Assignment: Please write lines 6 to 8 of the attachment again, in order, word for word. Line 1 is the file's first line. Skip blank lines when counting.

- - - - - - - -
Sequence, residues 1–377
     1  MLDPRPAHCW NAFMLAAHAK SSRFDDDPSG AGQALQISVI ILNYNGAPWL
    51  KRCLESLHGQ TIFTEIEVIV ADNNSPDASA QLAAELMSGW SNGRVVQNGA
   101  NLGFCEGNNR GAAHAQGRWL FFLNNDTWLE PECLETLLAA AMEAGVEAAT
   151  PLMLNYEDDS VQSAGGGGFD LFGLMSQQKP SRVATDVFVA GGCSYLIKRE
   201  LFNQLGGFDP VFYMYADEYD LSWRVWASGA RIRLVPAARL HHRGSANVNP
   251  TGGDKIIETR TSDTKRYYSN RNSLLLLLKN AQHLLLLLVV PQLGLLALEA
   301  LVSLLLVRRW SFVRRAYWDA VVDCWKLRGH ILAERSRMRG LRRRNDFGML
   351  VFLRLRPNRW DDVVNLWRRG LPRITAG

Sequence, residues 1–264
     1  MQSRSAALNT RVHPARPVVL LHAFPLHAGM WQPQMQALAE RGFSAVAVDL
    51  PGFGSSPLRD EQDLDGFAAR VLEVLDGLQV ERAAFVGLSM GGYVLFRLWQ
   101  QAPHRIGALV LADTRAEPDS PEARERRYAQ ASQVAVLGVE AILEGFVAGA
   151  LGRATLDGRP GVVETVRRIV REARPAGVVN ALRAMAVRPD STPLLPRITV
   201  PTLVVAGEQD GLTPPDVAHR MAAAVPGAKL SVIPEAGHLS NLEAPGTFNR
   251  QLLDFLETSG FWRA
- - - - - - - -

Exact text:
   201  LFNQLGGFDP VFYMYADEYD LSWRVWASGA RIRLVPAARL HHRGSANVNP
   251  TGGDKIIETR TSDTKRYYSN RNSLLLLLKN AQHLLLLLVV PQLGLLALEA
   301  LVSLLLVRRW SFVRRAYWDA VVDCWKLRGH ILAERSRMRG LRRRNDFGML